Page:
Archive for January, 2008

(This is the first post of an ongoing series entitled: Cinema Studies. It will consist of in-depth investigations into the minutiae of film, the gears of cinema; middle-level research, if you will)

This first study will look at transitional sequences in two renowned American films: Terrence Malick’s Days of Heaven (1978) and Francis Ford Coppola’s The Godfather Part II (1974).

The two transitions here are selected for certain similarities:

1. Each begins with a character deep in thought on the precipice of a major decision.
2. Both transitions propel us a significant period of time either forward or backwards.
3. The primary tool used in both sequences is the dissolve: “a gradual [overlapping] transition from one image to another.
4. Each sequence—arguably for this analysis—uses four shots to achieve its transition.

First Days of Heaven.

A brief summary leading up to the transition: Two harvesters, Bill and Abby, are a couple pretending to be brother and sister to the world. In an earlier scene Bill overhears a doctor’s diagnosis that The Farmer, the rich proprietor of the farm they’re working on, has about a year or so to live. That information combined with The Farmer’s infatuation with Abby leads Bill to concoct a scheme of faux love-and-marriage in order to come into his large inheritance.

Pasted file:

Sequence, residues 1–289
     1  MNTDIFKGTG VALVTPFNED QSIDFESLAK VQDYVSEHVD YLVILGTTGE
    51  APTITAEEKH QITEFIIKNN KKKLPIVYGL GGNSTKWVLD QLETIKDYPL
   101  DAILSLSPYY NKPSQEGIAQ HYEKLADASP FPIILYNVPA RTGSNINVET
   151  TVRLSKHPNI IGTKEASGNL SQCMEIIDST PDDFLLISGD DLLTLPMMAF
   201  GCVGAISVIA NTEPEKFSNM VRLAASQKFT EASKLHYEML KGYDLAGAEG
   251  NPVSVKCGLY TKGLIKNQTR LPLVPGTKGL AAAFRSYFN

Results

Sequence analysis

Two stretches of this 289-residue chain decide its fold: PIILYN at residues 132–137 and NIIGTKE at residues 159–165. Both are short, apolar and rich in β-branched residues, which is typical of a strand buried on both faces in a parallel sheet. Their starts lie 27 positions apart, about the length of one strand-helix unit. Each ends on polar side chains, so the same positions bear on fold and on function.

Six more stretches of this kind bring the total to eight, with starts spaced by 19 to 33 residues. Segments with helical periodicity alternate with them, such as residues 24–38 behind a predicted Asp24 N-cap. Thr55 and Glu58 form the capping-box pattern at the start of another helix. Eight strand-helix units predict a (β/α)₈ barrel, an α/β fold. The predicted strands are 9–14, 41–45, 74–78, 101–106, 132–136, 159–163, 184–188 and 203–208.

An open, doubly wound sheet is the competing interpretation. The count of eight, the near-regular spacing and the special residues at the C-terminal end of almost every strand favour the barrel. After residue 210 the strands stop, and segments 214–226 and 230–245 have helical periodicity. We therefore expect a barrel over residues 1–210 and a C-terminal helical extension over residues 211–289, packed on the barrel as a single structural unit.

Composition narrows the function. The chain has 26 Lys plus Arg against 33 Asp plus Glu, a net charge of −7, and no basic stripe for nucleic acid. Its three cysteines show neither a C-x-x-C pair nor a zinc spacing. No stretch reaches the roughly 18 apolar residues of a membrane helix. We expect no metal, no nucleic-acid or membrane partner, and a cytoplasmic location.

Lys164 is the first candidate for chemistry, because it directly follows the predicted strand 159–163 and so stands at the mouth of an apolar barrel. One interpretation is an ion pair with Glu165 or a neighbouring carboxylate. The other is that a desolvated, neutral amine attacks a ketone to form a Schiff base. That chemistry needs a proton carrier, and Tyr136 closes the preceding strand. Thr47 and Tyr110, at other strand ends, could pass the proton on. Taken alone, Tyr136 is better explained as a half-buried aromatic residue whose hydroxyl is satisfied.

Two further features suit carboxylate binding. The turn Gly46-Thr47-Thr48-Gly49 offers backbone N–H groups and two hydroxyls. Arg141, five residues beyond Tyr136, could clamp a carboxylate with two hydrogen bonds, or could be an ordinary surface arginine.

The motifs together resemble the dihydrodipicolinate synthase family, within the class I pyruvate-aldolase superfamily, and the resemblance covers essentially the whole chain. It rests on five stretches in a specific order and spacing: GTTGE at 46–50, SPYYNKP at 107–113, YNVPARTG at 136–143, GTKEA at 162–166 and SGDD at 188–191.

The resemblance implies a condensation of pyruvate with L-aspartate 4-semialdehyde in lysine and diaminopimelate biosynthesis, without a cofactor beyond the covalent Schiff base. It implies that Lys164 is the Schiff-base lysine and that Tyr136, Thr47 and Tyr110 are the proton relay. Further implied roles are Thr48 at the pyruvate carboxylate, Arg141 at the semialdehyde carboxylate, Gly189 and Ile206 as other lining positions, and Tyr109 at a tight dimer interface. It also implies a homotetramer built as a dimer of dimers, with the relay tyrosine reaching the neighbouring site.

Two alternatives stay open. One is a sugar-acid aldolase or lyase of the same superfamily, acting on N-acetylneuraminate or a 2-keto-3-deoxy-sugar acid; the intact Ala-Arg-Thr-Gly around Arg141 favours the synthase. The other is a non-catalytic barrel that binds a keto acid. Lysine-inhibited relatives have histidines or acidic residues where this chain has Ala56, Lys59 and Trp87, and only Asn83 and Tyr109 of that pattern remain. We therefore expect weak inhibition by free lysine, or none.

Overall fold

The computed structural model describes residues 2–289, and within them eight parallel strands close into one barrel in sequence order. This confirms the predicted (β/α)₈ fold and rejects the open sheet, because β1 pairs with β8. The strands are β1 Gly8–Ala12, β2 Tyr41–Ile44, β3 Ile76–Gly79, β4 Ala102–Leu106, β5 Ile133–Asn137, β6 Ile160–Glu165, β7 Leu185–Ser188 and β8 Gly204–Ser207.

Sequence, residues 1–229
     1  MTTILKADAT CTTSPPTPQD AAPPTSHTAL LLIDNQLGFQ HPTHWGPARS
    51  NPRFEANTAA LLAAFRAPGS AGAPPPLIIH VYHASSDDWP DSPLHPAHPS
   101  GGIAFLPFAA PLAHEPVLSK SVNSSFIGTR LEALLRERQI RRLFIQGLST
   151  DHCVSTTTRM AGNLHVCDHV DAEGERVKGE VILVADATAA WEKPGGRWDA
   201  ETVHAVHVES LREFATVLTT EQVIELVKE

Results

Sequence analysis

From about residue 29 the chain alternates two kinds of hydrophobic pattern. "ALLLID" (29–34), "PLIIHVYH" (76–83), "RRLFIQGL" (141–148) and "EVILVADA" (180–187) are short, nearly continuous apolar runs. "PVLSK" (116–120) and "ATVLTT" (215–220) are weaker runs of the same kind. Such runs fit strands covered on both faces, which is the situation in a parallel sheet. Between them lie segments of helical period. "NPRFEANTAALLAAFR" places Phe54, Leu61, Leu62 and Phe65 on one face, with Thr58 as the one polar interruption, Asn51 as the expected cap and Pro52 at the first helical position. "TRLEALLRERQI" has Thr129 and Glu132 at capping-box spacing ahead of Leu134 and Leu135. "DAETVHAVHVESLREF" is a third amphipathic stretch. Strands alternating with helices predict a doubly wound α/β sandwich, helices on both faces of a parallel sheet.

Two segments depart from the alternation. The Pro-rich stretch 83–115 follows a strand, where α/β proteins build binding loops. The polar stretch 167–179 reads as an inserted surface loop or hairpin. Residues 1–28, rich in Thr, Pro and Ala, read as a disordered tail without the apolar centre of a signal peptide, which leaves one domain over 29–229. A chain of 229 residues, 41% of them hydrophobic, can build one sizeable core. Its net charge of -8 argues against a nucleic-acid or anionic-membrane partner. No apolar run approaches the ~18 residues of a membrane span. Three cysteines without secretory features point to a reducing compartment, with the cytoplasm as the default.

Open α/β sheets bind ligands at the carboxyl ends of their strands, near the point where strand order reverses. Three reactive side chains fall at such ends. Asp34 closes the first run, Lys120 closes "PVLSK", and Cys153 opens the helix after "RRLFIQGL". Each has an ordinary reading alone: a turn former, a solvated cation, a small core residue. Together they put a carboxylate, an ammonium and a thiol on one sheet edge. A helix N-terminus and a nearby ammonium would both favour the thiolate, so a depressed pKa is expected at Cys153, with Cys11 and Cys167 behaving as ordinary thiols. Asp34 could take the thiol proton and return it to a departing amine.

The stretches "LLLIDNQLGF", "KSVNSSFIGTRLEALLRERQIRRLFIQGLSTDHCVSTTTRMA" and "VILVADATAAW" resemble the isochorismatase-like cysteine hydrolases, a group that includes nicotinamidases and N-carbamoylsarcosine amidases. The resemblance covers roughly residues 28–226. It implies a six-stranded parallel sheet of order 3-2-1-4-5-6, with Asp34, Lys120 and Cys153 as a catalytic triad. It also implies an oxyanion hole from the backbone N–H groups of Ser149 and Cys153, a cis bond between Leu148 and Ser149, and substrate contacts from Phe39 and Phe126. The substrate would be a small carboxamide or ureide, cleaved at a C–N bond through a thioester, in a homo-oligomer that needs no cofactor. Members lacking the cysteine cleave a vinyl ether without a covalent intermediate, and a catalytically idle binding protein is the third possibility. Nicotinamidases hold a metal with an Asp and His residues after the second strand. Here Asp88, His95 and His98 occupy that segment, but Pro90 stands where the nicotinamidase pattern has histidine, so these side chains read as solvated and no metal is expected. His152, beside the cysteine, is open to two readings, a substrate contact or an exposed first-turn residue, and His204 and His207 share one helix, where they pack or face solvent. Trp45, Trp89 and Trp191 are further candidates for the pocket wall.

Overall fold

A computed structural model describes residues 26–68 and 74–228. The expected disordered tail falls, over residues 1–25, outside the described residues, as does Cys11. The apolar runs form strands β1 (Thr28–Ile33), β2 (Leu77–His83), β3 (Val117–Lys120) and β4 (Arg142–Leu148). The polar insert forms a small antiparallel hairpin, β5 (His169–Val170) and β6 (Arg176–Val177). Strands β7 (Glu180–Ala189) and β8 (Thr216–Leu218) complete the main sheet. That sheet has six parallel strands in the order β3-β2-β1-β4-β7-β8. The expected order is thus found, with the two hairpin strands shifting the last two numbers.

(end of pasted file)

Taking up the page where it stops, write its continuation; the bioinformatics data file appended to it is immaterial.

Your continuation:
The sequence we’ll look at is when Abby apprehensively agrees to the swindle transitioning into her wedding.

In the sleeping quarters of the harvesters Bill convinces Abby to execute the scam with a deviously convincing argument, he hates seeing her “stooped over out there”:

Days 1

“I hate it,” he concludes, blowing smoke into the frame—an old silent film trope implying evil (or here avarice).


Ennio Morricone’s meditative score begins as Abby contemplates Bill’s words. Abby gets up and walks out of the room. She literally and metaphorically walks from the dark shabby boarding room (Bill’s influence) into the light (the farmer’s charm), from enclosure (poverty) into openness (prosperity), heading directly towards the farmer’s massive home framed above her.

Note the reflection of the farmer’s estate in the small pond. We see both the literal home that Abby will inhabit and the illusion, Abby’s true inheritance. We begin to hear the sound of birds…



The score quickly diminishes as Malick cuts to a shot of migrating birds flying from left to right. Their squawking overwhelms the soundtrack. The birds reside in the lower two-thirds of the frame but in relation to the previous shot of Abby our immediate perception is that we’re now looking up.